Benjamin

Harmon-Schamberger

CHARLESTON – The state Supreme Court has agreed to hear a case of a Kanawha County man who sued the county school board for not preparing him well enough for life.

The Justices voted 5-0 on Feb. 12 to hear the case of Thomas P. Sturm. Sturm, who now is 21, originally filed his suit in 2006. In the complaint, the Sissonville High School graduate claimed the Kanawha County Board of Education for not preparing him well enough for life as an adult and sought $1 million in punitive damages.

"Is what we have here an individual who operates basically on a third-grade level who has been graduated from high school by the Kanawha County Board of Education?" Justice Brent Benjamin asked Sturm's attorney Barbara Harmon-Schamberger, who answered affirmatively during Tuesday's motion hearing.

"Do you contend there is a constitutional right for this child to receive an education?" Benjamin then asked, to which Harmon-Schamberger again answered affirmatively. "That the Board of Education recognized that through its use of IEPs (Individualized Education Programs) which the BOE then turned around and did not follow."

Harmon-Schamberger, who was West Virginia's first female Rhodes Scholar and is a former state Secretary of Education, said the board simply didn't do enough for Sturm.

"The minute his grades dropped below a C-minus there should have been a team meeting, nothing was ever done," she argued. "When they did have team meetings the appropriate personnel was never there. There was supposed to be a positive behavior plan, none was ever put in place.

"The school system doesn't get up every day and deal with every C-minus student and say, 'How can we hide this C-minus performance?' In this case, they did. They affirmatively deprived this child of steps and actions and remediation. They just wanted to get rid of him, just pass him through."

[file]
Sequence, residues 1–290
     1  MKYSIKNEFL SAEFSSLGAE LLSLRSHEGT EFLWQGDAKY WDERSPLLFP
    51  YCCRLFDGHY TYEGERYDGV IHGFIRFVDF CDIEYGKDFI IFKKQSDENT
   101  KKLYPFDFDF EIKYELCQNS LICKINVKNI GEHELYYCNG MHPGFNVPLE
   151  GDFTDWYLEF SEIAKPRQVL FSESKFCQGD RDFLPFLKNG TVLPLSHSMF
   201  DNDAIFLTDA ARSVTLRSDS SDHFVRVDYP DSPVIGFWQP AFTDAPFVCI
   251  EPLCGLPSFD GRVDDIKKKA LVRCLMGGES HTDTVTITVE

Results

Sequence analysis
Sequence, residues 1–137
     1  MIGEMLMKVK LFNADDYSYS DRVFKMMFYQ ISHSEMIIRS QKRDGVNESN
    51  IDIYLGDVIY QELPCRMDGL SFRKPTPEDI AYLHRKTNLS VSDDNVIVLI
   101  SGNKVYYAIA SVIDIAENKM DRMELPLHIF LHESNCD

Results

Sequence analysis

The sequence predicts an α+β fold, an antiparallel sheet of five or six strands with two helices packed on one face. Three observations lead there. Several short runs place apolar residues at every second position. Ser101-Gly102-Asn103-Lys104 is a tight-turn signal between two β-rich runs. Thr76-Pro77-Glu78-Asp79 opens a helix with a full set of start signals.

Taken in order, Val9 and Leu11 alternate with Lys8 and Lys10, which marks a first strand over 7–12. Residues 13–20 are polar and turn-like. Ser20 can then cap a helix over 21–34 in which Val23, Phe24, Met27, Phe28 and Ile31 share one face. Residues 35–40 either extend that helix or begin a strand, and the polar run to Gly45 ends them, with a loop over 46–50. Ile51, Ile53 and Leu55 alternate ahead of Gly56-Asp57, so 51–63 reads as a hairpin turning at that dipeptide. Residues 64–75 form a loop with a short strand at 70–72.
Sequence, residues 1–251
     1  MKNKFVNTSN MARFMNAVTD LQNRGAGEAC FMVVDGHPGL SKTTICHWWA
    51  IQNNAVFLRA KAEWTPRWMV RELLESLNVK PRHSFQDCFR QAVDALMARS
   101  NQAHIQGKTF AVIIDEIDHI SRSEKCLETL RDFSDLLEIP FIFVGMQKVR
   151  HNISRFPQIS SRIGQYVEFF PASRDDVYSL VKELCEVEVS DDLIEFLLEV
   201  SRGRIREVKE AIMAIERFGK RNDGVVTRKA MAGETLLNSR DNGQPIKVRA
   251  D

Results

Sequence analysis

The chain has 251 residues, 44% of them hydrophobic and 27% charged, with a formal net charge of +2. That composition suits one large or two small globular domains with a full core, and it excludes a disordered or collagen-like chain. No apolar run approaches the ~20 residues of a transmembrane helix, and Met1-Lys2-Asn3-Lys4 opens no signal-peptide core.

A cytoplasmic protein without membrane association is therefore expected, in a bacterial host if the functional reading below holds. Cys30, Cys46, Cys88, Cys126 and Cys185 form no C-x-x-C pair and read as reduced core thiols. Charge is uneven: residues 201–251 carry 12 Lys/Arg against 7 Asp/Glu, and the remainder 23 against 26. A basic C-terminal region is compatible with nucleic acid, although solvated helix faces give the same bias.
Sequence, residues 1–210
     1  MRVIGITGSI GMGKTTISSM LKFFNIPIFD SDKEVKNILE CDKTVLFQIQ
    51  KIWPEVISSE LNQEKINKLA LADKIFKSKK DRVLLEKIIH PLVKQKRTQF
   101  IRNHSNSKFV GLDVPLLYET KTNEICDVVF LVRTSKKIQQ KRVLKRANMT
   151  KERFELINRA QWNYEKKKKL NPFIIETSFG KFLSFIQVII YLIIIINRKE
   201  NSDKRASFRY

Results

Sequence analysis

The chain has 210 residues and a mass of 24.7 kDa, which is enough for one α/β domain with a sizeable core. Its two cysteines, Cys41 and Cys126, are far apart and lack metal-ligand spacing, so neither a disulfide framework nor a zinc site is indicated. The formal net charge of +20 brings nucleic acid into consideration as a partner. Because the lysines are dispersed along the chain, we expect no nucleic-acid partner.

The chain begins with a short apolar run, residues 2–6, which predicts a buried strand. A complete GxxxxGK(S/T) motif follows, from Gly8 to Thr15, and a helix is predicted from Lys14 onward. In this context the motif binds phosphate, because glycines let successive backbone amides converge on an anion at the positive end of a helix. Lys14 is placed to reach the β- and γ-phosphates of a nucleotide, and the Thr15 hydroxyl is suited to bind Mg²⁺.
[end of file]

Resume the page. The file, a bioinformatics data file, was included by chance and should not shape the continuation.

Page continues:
In his original complaint, Sturm said corrective measures weren't taken when his grades dipped below a C-minus average, as was stipulated by a special education program that he was subject to.

Sturm alleged that he has attention deficit hyperactive disorder and his performance wasn't properly monitored as a special education student. He also claimed that he graduated with a third grade-level reading ability.

"I don't think there's any really serious question that the regulations and guidelines and statutes were not followed in this case," Michael T. Clifford, another of Sturm's attorneys, told The Record when the case originally was filed. "The fact that he has a high school diploma when he's functionally illiterate and already on (Supplemental Security Income) speaks for itself."

Sturm also claimed no measures were taken when he was expelled from Dunbar's Ben Franklin Career Center in 2002 for having a knife on his person.

West Virginia Code states that a school is responsible for making sure no one who is functionally illiterate graduates high school.

Clifford said an administrative law judge with the Social Security Administration has declared Sturm functionally illiterate.

Sturm is also seeking damages for injuries and loss of future income.

The case was dismissed by Kanawha Circuit Judge Tod Kaufman, who said Sturm didn't exhaust all of his administrative remedies to the issue. Clifford appealed to the Supreme Court.

Clifford said he is eager to have a chance to argue the case before the Justices.

"We're just elated that they have decided to hear it," he said Wednesday. "I hope they put some guidelines on the board of education about what they have to do with all students because it's certainly, in my view, impermissible to have a person get a high school diploma who can't read or write. He couldn't go to vocational school. By Social Security standards, he was unprepared to do anything."

Supreme Court of Appeals case number 072427

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